A KEY senator has called for clarification of the Bush administration's position on the Anti-Ballistic Missile (ABM) treaty with the Soviet Union following a report it might be moving toward abandoning the accord.
The White House said the administration intended to continue to abide by the 1972 treaty, which was designed to limit United States and Soviet defenses against long-range missiles.
But a Washington Post story reported that the administration omitted the ABM treaty from a list of major arms accords it is telling former Soviet republics they should adhere to. Some officials say this step could lead to the abandonment of the treaty altogether.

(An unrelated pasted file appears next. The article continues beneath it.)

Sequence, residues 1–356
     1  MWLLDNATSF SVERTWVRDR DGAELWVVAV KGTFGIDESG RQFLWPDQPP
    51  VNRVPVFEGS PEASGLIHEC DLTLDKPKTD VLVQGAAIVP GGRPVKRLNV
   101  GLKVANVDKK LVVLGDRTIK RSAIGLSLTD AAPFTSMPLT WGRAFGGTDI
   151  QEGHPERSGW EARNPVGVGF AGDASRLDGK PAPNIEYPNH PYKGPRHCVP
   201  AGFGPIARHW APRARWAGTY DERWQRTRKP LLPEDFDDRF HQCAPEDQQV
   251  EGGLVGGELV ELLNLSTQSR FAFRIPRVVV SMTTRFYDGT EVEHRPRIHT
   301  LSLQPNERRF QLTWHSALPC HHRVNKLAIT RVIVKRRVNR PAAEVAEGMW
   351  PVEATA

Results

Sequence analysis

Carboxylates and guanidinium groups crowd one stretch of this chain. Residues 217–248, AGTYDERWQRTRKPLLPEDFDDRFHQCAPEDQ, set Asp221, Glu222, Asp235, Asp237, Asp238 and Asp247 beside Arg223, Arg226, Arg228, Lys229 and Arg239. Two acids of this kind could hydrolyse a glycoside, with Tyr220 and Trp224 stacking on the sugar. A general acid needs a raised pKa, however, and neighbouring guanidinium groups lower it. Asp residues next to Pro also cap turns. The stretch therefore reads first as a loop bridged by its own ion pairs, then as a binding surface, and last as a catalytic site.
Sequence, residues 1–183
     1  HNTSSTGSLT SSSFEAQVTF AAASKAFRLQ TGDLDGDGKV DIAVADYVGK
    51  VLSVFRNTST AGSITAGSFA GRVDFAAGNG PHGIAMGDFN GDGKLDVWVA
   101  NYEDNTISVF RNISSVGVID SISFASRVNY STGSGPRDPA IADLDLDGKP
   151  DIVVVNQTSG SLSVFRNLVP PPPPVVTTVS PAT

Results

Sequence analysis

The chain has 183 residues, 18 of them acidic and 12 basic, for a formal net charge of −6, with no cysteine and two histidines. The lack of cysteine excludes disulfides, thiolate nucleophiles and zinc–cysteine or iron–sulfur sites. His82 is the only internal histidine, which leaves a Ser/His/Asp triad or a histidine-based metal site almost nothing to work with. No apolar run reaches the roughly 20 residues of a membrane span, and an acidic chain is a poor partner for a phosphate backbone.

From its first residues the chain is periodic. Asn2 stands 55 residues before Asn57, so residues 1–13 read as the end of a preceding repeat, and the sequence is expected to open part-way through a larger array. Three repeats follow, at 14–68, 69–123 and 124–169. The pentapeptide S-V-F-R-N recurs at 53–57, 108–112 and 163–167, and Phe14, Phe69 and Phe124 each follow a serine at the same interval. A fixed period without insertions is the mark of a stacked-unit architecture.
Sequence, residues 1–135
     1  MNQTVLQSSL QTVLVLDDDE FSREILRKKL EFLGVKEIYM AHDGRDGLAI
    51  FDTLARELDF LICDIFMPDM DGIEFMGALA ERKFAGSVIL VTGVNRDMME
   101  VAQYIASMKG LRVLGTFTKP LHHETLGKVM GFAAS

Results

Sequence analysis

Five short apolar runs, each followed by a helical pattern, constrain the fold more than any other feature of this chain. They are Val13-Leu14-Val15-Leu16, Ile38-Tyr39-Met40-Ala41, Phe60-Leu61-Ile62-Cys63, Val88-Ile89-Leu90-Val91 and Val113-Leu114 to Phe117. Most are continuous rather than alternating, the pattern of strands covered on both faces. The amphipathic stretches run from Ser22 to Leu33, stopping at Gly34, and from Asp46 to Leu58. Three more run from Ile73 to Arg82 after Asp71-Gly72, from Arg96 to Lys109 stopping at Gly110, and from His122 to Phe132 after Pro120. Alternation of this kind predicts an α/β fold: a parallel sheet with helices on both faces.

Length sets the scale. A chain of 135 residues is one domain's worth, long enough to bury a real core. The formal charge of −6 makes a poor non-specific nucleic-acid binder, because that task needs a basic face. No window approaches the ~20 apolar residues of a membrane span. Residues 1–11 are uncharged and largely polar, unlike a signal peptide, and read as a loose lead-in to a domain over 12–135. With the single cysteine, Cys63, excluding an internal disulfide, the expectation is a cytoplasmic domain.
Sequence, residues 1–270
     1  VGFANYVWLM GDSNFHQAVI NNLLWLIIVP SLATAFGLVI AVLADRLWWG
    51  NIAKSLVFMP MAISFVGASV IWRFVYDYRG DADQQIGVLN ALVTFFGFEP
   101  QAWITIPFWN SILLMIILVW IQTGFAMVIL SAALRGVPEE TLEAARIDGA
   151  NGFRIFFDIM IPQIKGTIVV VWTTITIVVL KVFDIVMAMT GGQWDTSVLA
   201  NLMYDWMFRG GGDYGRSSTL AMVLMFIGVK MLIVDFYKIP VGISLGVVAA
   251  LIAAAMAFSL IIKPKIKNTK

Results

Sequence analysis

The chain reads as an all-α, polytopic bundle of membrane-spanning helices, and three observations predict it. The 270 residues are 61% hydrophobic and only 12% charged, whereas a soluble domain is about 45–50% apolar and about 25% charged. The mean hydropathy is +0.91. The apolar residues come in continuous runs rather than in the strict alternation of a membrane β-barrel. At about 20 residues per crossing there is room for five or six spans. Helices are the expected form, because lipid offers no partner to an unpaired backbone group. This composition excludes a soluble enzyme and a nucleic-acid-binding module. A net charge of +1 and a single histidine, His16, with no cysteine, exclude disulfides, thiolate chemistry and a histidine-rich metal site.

Sen. Claiborne Pell (D) of Rhode Island, chairman of the Senate Foreign Relations Committee, said in a speech that the treaty remained the cornerstone of strategic arms control, and was needed to achieve a more stable and peaceful world environment.
At a briefing, administration spokesman Marlin Fitzwater said the White House was proceeding with plans for a limited missile defense and that possible changes in the treaty would have to be considered when it was time to deploy the system.